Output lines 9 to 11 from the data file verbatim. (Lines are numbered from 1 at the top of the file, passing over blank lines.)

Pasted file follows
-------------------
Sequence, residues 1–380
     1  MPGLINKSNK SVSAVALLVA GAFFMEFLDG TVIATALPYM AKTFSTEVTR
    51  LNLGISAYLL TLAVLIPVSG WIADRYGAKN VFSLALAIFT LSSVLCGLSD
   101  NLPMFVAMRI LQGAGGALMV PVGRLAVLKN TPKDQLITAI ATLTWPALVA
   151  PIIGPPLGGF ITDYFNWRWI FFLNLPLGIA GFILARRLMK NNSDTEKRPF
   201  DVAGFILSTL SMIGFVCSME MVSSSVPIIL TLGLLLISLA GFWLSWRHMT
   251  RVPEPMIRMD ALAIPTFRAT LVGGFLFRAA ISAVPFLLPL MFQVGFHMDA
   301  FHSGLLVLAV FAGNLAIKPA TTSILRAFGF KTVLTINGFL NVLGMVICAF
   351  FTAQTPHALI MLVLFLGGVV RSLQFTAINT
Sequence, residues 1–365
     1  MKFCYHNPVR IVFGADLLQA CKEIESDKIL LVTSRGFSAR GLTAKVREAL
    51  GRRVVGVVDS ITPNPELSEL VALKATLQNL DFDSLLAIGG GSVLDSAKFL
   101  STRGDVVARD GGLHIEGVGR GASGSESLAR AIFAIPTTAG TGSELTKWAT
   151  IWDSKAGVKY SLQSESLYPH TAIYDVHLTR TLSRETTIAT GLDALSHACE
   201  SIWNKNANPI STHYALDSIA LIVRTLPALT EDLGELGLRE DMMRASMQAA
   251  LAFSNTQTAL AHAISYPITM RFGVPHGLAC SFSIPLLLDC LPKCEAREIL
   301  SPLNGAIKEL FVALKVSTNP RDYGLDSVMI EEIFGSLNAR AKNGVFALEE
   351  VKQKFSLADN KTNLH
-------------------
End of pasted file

   351  FTAQTPHALI MLVLFLGGVV RSLQFTAINT
Sequence, residues 1–365
     1  MKFCYHNPVR IVFGADLLQA CKEIESDKIL LVTSRGFSAR GLTAKVREAL